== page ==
For me the basting part of pan searing does two things. Firstly it allows you to slow down and even out the cooking process. We start the cooking over high heat to create that great maillard reaction seared flavor. Then we lower the heat, add whole butter and baste. This way the butter browns but doesn't burn and the lower heat starts to even out the heat distribution which facilitates that crucial resting process that is so important to serving juicy, evenly cooked meat. I like Cast Iron for this. Secondly, it is a great opportunity to infuse your cooking fat with flavors that would scorch at the high heat required for searing. Whole garlic cloves, crushed but unpeeled, thyme branches, rosemary, bay leaves, black pepper, and spice blends like curry powder, ras al hanout, baharat, vadouvan, z'atar, or whatever you like are great for this part of the process. The lower heat blooms the perfume of the herbs and spices without scorching them. For me rubbing with the spices before searing tends to burn the spices and keep the meat from developing it's full flavor. As with all cooking processes it is all about heat control.
Is this a good example of the technique we're talking about?
To the OP's point: I ordered a whole steamed fish (cod) I think at a Canton Seafood place here in Houston (unfortunately, the restaurant is now closed). It was an eccentric little place, but the food was amazing. One of the better travelled of my friends said this place was spot on authentic in most of its dishes. Authentic or not, I ordered the whole steamed black cod with crispy skin. They wheeled out a cart with this fish on it, like it was a trophy. Then up ran a guy with boiling oil in a pot, while the waiter started spooning the hot oil onto the skin of the fish. Snap-crackle-pop was all I heard, while oil-shrapnel hit me in the face, and dotted my clothes. I wish I could describe the look on the waiters face -- a grimace of pain and pride. You could actually see the skin crisping and bubbling in some spots. You could hear some murmurs of worry from those close-by, as if they were witnessing something unreasonably dangerous. (they were). I wanted to say something, or dive out of the way, but it looked and smelled so good, I thought I'd take the heat. When he was done, he said something that only body language told me was something like "enjoy!". Well, enjoy I did. The fish was great, the skin was crispy, and smelled like toasted sesame oil (so did my jacket). The fish also had nice bits of meat in the cheeks, which were delicious. Easily, this was one of the best dishes I've ever had, and have the scars to prove it.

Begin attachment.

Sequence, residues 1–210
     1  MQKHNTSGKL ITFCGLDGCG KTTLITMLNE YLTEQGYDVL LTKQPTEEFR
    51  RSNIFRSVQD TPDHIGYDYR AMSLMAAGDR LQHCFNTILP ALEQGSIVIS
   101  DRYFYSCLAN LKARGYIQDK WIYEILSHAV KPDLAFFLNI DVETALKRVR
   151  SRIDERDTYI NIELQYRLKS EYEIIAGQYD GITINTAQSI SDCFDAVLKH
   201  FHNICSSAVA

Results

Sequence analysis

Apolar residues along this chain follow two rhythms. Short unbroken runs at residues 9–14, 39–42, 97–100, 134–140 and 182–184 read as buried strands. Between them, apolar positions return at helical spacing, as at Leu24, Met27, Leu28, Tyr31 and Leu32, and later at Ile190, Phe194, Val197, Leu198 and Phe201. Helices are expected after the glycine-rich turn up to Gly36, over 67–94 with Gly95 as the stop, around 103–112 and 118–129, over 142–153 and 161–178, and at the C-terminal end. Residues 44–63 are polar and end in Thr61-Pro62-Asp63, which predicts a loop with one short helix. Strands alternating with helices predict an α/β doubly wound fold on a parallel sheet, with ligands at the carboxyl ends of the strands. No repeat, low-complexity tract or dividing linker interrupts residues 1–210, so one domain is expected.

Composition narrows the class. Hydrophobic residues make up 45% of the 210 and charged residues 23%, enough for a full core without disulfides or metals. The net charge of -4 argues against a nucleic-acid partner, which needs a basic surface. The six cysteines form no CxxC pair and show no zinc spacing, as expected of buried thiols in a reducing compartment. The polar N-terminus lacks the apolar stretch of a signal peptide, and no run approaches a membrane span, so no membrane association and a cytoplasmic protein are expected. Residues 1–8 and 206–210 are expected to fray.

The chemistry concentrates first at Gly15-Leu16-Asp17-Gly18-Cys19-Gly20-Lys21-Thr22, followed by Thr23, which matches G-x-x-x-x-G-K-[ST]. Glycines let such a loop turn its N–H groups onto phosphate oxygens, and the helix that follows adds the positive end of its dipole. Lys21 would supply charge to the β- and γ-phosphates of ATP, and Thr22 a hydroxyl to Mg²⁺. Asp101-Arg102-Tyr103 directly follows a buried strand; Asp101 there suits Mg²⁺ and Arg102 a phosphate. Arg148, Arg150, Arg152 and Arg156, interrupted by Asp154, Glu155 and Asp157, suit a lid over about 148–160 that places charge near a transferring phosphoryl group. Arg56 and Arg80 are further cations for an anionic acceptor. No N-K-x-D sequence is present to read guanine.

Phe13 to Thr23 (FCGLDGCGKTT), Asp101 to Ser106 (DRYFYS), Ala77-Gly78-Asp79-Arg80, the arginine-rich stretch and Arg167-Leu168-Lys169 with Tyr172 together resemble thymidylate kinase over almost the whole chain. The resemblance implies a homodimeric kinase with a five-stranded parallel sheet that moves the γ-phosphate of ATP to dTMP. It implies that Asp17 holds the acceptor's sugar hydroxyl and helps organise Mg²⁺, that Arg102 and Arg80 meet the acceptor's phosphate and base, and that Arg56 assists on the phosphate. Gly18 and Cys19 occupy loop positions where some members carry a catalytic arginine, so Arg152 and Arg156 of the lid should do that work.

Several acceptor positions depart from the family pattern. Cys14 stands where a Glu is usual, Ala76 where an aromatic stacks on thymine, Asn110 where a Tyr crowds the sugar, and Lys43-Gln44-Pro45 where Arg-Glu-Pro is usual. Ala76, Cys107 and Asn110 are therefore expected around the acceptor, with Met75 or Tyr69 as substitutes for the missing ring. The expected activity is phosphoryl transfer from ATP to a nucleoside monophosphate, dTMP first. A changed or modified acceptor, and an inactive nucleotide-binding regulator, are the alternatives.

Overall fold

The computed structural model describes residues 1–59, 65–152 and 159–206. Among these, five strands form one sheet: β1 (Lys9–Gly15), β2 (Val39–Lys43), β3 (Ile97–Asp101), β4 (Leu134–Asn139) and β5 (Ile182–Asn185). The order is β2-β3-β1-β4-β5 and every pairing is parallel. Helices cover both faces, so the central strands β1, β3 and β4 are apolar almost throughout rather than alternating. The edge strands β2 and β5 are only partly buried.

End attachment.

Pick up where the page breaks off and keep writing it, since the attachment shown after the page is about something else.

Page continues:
I'm not a professional cook, nor do I play one on television, but I baste my steaks all the time (four a week, at least), especially right before I throw it on a plate to rest. Can someone explain to me why what I'm doing is wrong and why it's something that is only done to be 'cool looking'? (looking at you Salty)
David (WildBoar's Kitchen)
The media had propelled some of these young chefs into stardom way too fast.
Shoot I think that my chef instructor in culinary school should be on tv. Old school German Classic/euro trained Master Chef. These 2 words still haunt me to this day..."Schnell, Schnell!!!!"
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"God sends meat and the devil sends cooks." - Thomas Deloney